Also called copayment, the percentage of covered hospital and medical expenses, after subtraction of any deductible, for which an insured person is responsible. Under Medicare Part B, after the annual deductible has been met, Medicare will generally pay 80 percent of approved charges for covered services and supplies; the remaining 20 percent represents the coinsurance, which the beneficiary pays. Laboratory services are currently exempt from coinsurance.

Competitive bidding:

A pricing method that elicits information on costs through a bidding process to establish payment rates that reflect the costs of an efficient health plan or health care provider.

Compliance Program Guidance:

Revised version of the Model Compliance Plan for Clinical Laboratories, published by the DHHS Office of Inspector General (63 Fed. Reg. 45076, Aug. 24, 1998).

Conversion factor:

The multiplier used to translate relative value units into dollar amounts for payments under a fee schedule.

Copayments:

Flat fees, typically modest, that insured persons must pay for a particular unit of service, such as an office visit, an emergency room visit, or having a prescription filled. (See coinsurance.)

Cost sharing:

The generic term that includes copayments, coinsurance, and deductibles; also, out-of-pocket payments.

Cost shifting:

Increasing revenues from some payers to offset losses and lower net payments from other payers.

Cross-walking:

When HCFA determines that a new test is sufficiently similar to an existing code, it may assign a National Limitation Amount for payment based on payment data from an existing code.

Current Procedural Terminology code:

A code indicating the particular procedure that is performed, based on the Physicians’ Current Procedural Terminology, published by the American Medical Association. CPT codes for laboratory services range from 80049 through 89300.

Suggested Citation:"Acronyms and Glossary." Institute of Medicine. 2000. Medicare Laboratory Payment Policy: Now and in the Future. Washington, DC: The National Academies Press. doi: 10.17226/9997.
×

Diagnosis-related groups:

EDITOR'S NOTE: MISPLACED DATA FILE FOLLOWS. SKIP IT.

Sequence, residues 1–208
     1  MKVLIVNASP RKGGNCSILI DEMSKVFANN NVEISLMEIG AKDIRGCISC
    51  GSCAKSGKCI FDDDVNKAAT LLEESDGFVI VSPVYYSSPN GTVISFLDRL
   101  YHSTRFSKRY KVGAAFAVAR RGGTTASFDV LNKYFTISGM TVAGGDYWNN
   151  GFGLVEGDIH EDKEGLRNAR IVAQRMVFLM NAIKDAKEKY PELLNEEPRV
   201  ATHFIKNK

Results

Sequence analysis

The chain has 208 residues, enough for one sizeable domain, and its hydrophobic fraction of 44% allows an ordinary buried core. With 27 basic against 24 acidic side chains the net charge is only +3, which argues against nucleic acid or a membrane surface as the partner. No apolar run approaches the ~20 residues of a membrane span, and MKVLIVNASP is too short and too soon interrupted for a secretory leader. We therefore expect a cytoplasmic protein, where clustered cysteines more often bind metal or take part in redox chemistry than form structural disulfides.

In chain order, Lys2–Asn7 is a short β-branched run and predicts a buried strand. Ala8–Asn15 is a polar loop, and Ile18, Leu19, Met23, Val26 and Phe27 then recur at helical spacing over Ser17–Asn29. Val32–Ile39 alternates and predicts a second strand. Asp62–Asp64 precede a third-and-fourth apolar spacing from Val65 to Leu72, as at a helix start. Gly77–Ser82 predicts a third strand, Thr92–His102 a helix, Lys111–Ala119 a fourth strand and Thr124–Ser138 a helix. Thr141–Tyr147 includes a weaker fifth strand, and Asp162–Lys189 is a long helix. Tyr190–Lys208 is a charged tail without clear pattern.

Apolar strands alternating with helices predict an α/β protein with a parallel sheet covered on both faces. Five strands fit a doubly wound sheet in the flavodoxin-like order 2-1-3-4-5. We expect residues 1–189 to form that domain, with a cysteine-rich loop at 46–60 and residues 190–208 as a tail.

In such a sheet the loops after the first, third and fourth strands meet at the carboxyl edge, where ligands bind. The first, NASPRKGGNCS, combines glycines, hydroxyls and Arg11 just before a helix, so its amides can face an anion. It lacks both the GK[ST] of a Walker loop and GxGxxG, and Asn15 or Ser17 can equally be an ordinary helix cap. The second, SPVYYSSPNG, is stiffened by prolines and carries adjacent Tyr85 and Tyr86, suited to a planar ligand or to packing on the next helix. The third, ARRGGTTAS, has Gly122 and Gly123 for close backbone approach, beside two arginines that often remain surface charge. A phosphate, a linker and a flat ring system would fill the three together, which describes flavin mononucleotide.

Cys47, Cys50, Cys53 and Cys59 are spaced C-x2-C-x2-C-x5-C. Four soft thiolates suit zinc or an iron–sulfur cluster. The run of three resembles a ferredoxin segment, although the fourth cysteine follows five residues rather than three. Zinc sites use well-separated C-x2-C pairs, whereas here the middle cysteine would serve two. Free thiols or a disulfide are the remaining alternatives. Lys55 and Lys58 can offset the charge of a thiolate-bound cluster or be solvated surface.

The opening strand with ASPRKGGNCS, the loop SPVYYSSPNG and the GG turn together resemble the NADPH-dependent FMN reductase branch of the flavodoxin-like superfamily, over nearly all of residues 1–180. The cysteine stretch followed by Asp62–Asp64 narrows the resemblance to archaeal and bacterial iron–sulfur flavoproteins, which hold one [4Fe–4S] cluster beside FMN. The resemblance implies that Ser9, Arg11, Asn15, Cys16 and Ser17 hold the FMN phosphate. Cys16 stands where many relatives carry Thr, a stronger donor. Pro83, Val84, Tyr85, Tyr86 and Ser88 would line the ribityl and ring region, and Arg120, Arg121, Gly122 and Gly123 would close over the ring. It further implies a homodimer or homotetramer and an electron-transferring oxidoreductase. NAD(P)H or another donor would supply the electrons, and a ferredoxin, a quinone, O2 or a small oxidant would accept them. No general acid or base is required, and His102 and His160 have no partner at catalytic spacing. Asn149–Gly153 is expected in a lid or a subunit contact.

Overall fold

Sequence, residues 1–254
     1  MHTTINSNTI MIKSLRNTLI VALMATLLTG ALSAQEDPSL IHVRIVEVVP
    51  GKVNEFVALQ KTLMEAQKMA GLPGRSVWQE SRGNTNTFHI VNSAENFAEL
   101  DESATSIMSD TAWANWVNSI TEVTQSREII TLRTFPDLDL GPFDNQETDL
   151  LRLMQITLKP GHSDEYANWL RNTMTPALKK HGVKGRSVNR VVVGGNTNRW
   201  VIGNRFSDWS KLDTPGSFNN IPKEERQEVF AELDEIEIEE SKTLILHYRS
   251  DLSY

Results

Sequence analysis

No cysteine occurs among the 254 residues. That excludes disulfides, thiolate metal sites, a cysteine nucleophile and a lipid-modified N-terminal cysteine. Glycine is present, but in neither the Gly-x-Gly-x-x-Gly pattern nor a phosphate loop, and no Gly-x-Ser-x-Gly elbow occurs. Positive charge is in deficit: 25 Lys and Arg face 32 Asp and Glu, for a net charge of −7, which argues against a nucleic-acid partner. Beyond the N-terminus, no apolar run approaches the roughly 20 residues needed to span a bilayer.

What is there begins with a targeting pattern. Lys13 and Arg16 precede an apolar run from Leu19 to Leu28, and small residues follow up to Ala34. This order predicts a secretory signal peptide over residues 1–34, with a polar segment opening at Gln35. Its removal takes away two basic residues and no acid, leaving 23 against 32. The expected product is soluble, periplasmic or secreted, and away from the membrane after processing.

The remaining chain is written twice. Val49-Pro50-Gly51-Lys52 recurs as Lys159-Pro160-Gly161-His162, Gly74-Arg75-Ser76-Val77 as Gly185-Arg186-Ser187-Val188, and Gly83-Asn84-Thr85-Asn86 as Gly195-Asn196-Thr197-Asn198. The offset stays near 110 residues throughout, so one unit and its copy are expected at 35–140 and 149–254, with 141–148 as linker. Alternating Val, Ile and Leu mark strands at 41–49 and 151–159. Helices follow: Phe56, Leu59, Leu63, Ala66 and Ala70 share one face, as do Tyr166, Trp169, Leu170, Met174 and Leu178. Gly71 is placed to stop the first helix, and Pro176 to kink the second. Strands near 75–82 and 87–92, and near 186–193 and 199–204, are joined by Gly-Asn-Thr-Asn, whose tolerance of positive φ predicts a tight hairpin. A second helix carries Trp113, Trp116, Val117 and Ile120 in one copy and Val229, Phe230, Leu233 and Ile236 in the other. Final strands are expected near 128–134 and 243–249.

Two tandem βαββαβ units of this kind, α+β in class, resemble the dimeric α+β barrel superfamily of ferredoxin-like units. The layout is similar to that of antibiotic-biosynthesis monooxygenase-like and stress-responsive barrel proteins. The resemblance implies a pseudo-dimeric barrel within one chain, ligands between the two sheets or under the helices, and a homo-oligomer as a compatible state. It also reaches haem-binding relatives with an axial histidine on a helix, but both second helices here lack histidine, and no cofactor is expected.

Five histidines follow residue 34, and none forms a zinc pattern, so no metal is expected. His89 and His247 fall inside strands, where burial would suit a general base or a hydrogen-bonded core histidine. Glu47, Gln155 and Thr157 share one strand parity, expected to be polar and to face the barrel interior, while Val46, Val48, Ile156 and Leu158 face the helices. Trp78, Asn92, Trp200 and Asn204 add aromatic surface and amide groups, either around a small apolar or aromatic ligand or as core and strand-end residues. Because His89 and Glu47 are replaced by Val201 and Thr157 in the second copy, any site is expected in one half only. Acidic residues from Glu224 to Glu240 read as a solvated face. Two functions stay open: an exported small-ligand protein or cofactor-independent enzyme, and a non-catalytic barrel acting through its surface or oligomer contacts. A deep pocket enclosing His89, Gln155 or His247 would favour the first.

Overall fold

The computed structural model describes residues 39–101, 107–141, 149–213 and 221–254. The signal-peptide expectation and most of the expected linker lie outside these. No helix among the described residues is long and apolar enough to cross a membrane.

Entries in a taxonomy of types of hospitalization based on groupings of diagnostic categories drawn from the International Classification of Diseases and modified by the presence of a surgical procedure, patient age, presence or absence of significant morbidities or complications, and other relevant criteria. DRGs have been mandated for use in establishing payment amounts for individual admissions under Medicare’s prospective hospital payment system as required by the Social Security Amendments of 1983 (Public Law 98–21).

Diagnostic test:

A test that searches for the presence of an infectious organism, such as a virus or parasite, may find pathology such as cancerous cells, or may help distinguish between different possible causes of a symptom.

DNA marker:

A specific gene sequence within a chromosome, indicating the inheritance of a certain trait.


Episode of care:

This term is most often used in reference to the monetary costs of an individual’s sickness. It includes length of care in special care unit or hospital, nursing care costs in the hospital, professional and technical services, physician services, respiratory services, respiratory therapy, pharmaceuticals, intravenous therapy, collateral diseases, and complications.

Esoteric test:

A relatively uncommon test that is often complex and expensive to conduct or depends on specialized interpretative skill. Laboratories that specialize in esoteric testing are usually affiliated with a university or research institution but may also be independent.


Federal Advisory Committee Act:

Section 15 of the Federal Advisory Committee Act, signed into law in 1997, clarifies public disclosure requirements that are applicable to the National Academy of Sciences (NAS). Under these amendments, the NAS is required to implement measures that make its processes more accessible to the public while still preserving its independence from government control.

Fee-for-service:

A type of plan under which the provider is paid for each service or bundle of services provided.

Fee schedule:

A method of paying for medical care that prospectively sets out the fees to be paid for each service provided.

Fiscal intermediary:

An organization (usually an insurance company) that has an agreement with HCFA under Medicare Part A to process claims and perform related functions.

Focused medical review:

Designed to identify patterns of inappropriate or unnecessary testing, this evaluation could be targeted at particular laboratories and physicians, selected geographic areas, or specific tests that are expected to yield a high return.


Gap-filling:

The process of collecting data on the amount that labs are charging in order to establish the payment rate for a new code.